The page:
Crew Blasts Off, Arrives At Space Station
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[May 29, 2014]
By Irene Klotz
CAPE CANAVERAL Fla. (Reuters) - Leaving
politics behind, a veteran Russian cosmonaut and a pair of rookie
astronauts from the United States and Germany blasted off from the
Baikonur Cosmodrome in Kazakhstan on Wednesday for a six-month mission
aboard the International Space Station.
The crew’s Russian Soyuz rocket lifted off at 3:57 p.m. EDT and
headed into orbit, a live broadcast on NASA Television showed.
Perched on top of the rocket was a Russian Soyuz capsule holding
cosmonaut Maxim Suraev, a retired Russian Air Force colonel; NASA
astronaut and U.S. Navy pilot Reid Wiseman; and German astronaut and
geophysicist Alexander Gerst.
“Adrenaline is rising but feel relaxed,” Gerst, 38, posted on
Twitter as he and his crewmates rode a bus out to the launch pad.
Less than six hours after liftoff, Gerst and his crewmates reached
the station, a $100 billion research laboratory as it flew about 260
miles (418 km) above the Pacific Ocean west of Peru.
The Soyuz slipped into a berthing port on the station’s Rassvet
module at 9:44 p.m. EDT.
The station, a project of 15 nations, is overseen by the United
States and Russia.
Tensions between the countries have been strained following Russia’s
annexation of Ukraine’s Crimea peninsula and economic sanctions
imposed by the United States as punishment. But until recently, the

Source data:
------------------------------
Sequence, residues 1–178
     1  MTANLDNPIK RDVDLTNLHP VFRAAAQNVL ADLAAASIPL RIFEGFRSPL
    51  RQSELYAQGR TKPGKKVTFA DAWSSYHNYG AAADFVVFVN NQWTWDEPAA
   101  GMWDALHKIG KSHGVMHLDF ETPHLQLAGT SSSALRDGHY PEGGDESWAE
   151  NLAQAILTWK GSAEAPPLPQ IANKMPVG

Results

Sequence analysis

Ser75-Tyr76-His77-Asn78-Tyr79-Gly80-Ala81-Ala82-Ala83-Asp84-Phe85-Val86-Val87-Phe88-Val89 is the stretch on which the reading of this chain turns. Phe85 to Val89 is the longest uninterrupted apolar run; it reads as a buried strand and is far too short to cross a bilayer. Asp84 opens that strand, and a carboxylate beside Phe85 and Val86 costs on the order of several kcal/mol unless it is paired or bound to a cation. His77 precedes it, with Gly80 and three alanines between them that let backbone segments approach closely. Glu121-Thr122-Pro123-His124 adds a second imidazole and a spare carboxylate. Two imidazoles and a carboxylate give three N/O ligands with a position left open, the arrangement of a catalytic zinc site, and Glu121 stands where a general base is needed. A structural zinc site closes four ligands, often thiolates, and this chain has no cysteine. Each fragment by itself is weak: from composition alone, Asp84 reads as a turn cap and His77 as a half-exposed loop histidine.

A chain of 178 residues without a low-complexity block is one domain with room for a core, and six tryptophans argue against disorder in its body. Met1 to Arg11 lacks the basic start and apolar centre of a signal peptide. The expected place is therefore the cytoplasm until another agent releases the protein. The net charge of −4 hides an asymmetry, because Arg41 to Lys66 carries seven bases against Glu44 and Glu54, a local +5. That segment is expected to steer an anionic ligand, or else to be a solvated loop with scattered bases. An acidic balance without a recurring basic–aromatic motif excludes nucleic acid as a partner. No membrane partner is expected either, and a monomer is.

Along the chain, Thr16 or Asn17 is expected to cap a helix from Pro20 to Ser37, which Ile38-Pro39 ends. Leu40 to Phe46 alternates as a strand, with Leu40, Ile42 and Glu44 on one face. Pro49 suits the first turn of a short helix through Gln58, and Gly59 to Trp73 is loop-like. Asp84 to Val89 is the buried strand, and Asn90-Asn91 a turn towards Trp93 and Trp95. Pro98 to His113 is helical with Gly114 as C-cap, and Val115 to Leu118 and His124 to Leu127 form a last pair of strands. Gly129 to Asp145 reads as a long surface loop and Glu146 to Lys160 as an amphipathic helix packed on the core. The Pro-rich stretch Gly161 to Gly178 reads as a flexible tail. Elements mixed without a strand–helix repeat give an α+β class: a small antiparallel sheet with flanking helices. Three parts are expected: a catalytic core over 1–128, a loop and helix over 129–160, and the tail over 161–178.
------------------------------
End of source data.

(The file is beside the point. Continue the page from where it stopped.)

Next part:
space partnership was largely exempt from the political rancor and
the sanctions’ financial impacts.
That ended earlier this month when Russian officials said they would
not support a U.S. proposal to keep the station operating beyond
2020. Russia also imposed its own ban on selling Russian rocket
motors for U.S. military launches, a more immediate concern since
one of two primary rockets currently flying U.S. military missions
use Russian-made engines.
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At a prelaunch press conference on Tuesday, the new space station
crew was asked if the escalating tensions were having any impact on
In response, Suraev, Reid and Gerst slapped their arms around each
other and hugged.
Aboard the space station, currently staffed by NASA astronaut Steven
Swanson and two Russian cosmonauts, it’s business as usual, Swanson
said during an inflight interview broadcast on NASA Television on
“We don’t talk about it much, honestly,” Swanson said. “It does not
affect our working relationship. We get along very well. There are
no issues at all up here.”
(Editing by Eric Walsh)
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